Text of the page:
Ooooh, I could never resist a delicious meatball like this. Yummy!

  8. 8

    Mary — 03/04/2011 @ 5:38 am

    These are gorgeous! These look so tasty!!

    Great blog; happy I found you!

    Mary xo
    Delightful Bitefuls

  9. 9

    Emily — 03/04/2011 @ 5:19 pm

    I have some saffron I've been saving for just the perfect recipe. I think this may be it, who can pass up a good meatball?

  10. 10

    Table Talk — 03/05/2011 @ 12:55 am

    I love that my visits here always leave me with a bit of cultural history in addition to a scrumptious recipe. Maybe if they served food in history class I would have been a better student!

  11. 11

    Claudia — 03/05/2011 @ 2:12 am

    I love the spices in these meatballs. Fascinating how different cultures spice up their meat! And the peek into the history – food and culture so beautifully intertwined.

  12. 12

    Prerna@IndianSimmer — 03/05/2011 @ 2:35 am

    Another lovely lovely recipe by you! LOVE it! :-)

  13. 13

    Fran — 03/05/2011 @ 4:53 pm

    I love that this dish is served with olives. I am going to make these this week.

  14. 14

    Sara{OneTribeGourmet} — 03/05/2011 @ 7:42 pm

    Nisrine this meatball dish looks so good! I like the addition on celery & saffron! :)

  15. 15

    Lucy — 03/05/2011 @ 7:47 pm

    Meatballs are one of my favourite dinners – love this unique recipe.

  16. 16

    Maria — 03/10/2011 @ 6:00 pm

    Meatballs are so versatile and can be enjoyed in so many ways. Great flavors here and a wonderful way to add a little diversity to a typical meatball repertoire!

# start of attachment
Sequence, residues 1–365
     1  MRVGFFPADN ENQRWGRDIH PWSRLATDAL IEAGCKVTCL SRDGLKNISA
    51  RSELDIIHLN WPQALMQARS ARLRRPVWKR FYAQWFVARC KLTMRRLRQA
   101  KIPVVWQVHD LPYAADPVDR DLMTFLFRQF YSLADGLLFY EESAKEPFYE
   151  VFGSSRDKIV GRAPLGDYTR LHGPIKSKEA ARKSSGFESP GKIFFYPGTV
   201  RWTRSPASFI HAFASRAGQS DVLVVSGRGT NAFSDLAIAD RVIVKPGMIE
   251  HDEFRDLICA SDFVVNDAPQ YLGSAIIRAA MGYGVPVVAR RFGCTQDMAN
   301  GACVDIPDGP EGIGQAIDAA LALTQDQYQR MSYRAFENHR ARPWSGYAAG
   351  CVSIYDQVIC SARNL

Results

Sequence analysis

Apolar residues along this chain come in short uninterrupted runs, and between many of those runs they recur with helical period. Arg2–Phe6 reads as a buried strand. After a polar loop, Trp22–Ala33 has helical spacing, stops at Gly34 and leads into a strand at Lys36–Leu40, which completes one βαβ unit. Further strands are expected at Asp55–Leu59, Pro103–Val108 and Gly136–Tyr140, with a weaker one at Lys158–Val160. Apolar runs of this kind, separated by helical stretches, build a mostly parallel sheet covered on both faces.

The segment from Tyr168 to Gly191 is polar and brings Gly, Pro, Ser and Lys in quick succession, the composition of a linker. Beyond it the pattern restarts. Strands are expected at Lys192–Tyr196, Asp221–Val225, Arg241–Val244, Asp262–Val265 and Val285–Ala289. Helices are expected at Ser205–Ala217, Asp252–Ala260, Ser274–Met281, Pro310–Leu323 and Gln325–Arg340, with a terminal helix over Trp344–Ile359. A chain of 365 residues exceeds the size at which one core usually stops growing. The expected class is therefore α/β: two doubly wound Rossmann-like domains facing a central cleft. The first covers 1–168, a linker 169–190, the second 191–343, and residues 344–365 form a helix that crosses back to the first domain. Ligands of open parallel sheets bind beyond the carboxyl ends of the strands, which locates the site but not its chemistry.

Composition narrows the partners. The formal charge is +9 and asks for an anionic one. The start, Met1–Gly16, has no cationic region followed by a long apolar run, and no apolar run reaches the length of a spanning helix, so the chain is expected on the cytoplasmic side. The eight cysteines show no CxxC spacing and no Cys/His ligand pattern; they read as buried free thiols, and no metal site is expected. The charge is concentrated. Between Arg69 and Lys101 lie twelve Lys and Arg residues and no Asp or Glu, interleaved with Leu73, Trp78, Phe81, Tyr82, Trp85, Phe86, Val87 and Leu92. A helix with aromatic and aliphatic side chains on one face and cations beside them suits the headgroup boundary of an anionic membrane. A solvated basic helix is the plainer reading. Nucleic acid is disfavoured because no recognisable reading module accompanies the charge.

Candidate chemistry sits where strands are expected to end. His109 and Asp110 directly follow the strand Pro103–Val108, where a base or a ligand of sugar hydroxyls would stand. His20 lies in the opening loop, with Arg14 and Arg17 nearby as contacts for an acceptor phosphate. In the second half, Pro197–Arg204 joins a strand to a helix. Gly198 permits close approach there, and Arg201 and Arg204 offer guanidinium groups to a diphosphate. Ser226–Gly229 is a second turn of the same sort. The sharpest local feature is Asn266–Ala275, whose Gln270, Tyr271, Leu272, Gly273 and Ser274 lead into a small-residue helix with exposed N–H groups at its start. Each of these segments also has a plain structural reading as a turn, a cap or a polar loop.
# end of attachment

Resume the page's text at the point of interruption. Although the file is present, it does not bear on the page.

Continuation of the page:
17. 17

    A Canadian Foodie — 03/11/2011 @ 11:47 pm

    We love meatballs at our house and are always looking for a new recipe. This looks really yummy – but I have never eaten anything with preserved lemon, so I really have no frame of reference for how they might taste!
    I haven't posted for over 2 weeks which is a first to me in three years, I think. I have been knee deep in the throws of planning a local food conference with our local slow food convivia. Great work. Time well spent, but I miss cooking, writing, reading and YOU!
    I will catch up soon, I hope.

  18. 18

    Sarah — 04/25/2011 @ 8:23 pm

    I have made this dish several times (and a very similar Persian variation)and but didn't know it was considered Jewish. Now that I think of it all my Moroccan Jewish cookbooks have different versions of this recipe. Is it made also my others in Morocco?

  19. 19

    Nisrine Merzouki — 04/26/2011 @ 11:00 am

    Hi Sarah. I've only seen this one in Jewish households.

  20. 20

    @yumivore — 02/23/2013 @ 12:48 pm

    I should have left a note sooner, but my hands are usually busy forming the meatballs when I drop by this post! I encountered this recipe first here and has since gone into my own recipe book with your name on it. I love the flavors, and it’s something easy to prepare (especially as another entree for shabbat for example). Shukran!